A true fisherman is conservative, provident, not given to envy, considerate of the rights of others, and careful of his good name. He fishes many a day and returns at night to his home hungry, tired, and disappointed; but he still has faith in his methods, and is not tempted to try new and more deadly lures. On the contrary, he is willing in all circumstances to give the fish the chance for life which a liberal sporting disposition has determined to be their due; and he will bide his time under old conditions.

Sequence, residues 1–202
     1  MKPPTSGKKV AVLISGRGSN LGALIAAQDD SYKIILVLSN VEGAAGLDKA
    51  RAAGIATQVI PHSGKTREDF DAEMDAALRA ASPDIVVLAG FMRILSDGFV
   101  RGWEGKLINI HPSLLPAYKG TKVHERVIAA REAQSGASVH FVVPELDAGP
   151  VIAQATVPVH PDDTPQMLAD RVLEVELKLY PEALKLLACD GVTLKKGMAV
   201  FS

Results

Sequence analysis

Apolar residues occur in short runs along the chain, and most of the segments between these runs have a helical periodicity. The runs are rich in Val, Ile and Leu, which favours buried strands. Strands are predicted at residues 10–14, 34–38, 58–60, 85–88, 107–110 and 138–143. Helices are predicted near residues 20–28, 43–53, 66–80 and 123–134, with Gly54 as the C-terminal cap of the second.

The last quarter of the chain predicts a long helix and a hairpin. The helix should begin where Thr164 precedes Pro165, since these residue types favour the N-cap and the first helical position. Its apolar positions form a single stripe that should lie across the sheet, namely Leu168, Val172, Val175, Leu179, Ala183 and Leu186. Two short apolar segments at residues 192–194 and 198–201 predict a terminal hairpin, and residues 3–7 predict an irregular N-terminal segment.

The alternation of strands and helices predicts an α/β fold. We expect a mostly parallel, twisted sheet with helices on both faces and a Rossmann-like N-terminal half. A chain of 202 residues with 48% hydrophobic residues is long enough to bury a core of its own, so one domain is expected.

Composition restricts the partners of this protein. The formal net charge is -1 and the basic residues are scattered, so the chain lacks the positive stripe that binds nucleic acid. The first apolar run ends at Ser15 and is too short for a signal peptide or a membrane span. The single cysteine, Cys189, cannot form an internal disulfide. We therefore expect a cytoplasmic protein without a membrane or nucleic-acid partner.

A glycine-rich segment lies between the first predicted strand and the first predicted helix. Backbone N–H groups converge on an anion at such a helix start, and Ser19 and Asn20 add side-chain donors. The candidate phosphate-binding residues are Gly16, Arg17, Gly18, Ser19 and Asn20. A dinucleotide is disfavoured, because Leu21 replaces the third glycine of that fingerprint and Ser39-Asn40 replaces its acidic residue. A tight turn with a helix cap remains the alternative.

He will not indulge his fishing propensity to the extent of the wanton destruction and waste of fish; he will not envy the superior advantages of another in the indulgence of the pastime he loves so well; he will never be known to poach upon the preserves of a fortunate neighbor; and no one will be quicker or more spirited than he in the defense of his fishing honor and character.


An excerpt from Cleveland’s Fishing and Shooting Sketches, published in 1906. Illustrations by Henry S. Watson. Text and images made available by the Internet Archive.